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Kashmir, thorn in flesh of Pakistan – and India

  • Imanuddin Razak

    The Jakarta Post

| Tue, November 21 2017 | 01:29 am
Kashmir, thorn in flesh of Pakistan – and India Border post: An entrance to the Pakistan side of the Pakistan-India border post in Wagah, a village situated in Lahore district, Punjab, Pakistan. The village has hosted daily flag-lowering ceremonies jointly held by the security forces of Pakistan and India since 1959.(JP/Imanuddin Razak)" border="0" width="780" height="473">Border post: An entrance to the Pakistan side of the Pakistan-India border post in Wagah, a village situated in Lahore district, Punjab, Pakistan. The village has hosted daily flag-lowering ceremonies jointly held by the security forces of Pakistan and India since 1959.(JP/Imanuddin Razak)

Seventy years after Pakistan’s independence, the smoldering Kashmir issue involving a border conflict with India remains a most daunting problem.

The Kashmir stalemate is rooted in the painful birth of India and Pakistan. Britain relinquished its control of the Indian subcontinent in 1947, partitioning it into predominantly Hindu India and Muslim Pakistan, while Kashmir was given the liberty to accede to either nation.

Kashmir is partially or completely claimed by three countries: India, Pakistan and China. India controls one state called Jammu and Kashmir, which makes up the southern and eastern portions of the region, totaling about 45 percent of Kashmir. Pakistan controls three areas called Azad Jammu-Kashmir (AJK) or Azad Kashmir, Gilgit and Baltistan, which make up the northern and western portions of the region, totaling about 35 percent of Kashmir.

Meanwhile, China controls one area called Aksai Chin in the northeastern part of the region, equal to 20 percent of Kashmir.

Officials say that conflict in Kashmir is religiously charged. But, the fact that the region is also rich in natural resources could be a factor in the prolonged conflicts.

“Kashmir’s soil has reserves of gold, silver and copper. It also has significant reserves of coal, granite and marble, as well as precious stones like rubies, sapphires and tourmaline,” AJK president Sardar Masood Khan said.

The perpetual Kashmir conflict basically refers to the one involving Pakistan and India, with the bilaterally agreed Line of Control, which divides the Indian- and Pakistani-controlled parts of Kashmir, being 700 kilometers long.

Another tension in the region pits India and China in regard to Aksai Chin. The area is administered by China as part of Hotan County, which is situated in the southwestern part of Hotan Prefecture of Xinjiang Autonomous Region.

Aksai Chin, however, is also claimed by India as a part of its Ladakh region of the state of Jammu and Kashmir.

In 1962, China and India fought a brief war in Aksai Chin and Arunachal Pradesh. In 1993 and 1996, the two countries signed agreements that bound them to respect the Line of Actual Control (LAC), a demarcation line that separates Indian-controlled territory from Chinese-controlled territory.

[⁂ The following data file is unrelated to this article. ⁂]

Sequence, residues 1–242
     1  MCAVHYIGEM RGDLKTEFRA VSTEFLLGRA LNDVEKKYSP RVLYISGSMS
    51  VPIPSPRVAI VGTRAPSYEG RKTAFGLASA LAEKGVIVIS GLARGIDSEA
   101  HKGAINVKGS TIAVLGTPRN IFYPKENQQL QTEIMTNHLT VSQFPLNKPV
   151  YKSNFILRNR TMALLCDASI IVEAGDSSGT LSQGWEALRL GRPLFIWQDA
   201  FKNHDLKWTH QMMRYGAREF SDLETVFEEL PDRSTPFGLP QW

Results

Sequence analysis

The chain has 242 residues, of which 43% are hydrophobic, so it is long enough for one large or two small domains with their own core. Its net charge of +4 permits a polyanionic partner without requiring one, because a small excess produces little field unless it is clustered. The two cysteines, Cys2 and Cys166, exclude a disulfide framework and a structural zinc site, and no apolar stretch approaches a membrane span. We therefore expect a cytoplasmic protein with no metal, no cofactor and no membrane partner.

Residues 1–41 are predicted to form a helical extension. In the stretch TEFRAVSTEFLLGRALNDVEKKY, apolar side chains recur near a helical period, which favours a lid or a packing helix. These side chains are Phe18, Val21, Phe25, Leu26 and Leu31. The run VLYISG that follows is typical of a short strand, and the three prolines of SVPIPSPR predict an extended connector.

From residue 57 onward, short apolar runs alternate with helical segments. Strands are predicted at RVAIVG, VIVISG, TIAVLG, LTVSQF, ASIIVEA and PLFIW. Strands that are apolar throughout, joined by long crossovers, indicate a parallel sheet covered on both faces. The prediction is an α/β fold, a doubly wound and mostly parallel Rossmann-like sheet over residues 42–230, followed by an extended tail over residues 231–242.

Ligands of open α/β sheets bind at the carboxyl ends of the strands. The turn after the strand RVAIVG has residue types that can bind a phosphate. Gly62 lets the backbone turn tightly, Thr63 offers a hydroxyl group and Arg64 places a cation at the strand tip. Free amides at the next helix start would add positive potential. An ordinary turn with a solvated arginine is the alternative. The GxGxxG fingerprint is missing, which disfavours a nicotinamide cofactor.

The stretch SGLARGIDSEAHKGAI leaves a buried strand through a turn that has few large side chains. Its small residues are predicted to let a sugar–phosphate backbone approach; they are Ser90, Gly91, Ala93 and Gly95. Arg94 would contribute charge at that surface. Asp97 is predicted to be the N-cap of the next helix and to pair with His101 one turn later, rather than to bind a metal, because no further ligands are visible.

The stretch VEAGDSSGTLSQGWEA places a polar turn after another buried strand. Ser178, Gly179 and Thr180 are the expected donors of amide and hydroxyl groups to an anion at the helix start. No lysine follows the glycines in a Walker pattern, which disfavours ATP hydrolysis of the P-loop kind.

Apart from its dispute over Aksai Chin, India has also accused Pakistan of having handed over some 3,220 square miles of Kashmir to China.

As a ramification of the spiteful separation in 1947 and the subsequent Kashmir conflicts, relations between Pakistan and India have been tense since then. They have fought three wars over Kashmir — in 1947 and 1965.

Even after both countries became nuclear powers in 1998, they came close to another military confrontation once again in 1999.

Bilateral tensions have apparently started to escalate again lately. On Sept. 18, armed militants attacked a remote Indian Army base in Uri, near the Line of Control, killing 19 Indian soldiers in the deadliest attack on the Indian armed forces in decades. And on Sept. 29, two Pakistani soldiers were killed after clashes with Indian troops on the de facto border between the two countries.

The Kashmir conflicts have obviously come at huge cost for all parties involved. An official account has put the number of fatalities at 47,000.

Kashmir’s main separatist group, the All Parties Hurriyat (Freedom) Conference, however claims that nearly 100,000 people have died since the insurgency broke out in 1989.

Khawaja Muhammad Asif - Pakistan Foreign Minister (JP/Imanuddin Razak)

PREMIUM Border post: An entrance to the Pakistan side of the Pakistan-India border post in Wagah, a village situated in Lahore district, Punjab, Pakistan. The village has hosted daily flag-lowering ceremonies jointly held by the security forces of Pakistan and India since 1959.(JP/Imanuddin Razak)Seventy years after Pakistan’s independence, the smoldering Kashmir issue involving a border conflict with I...

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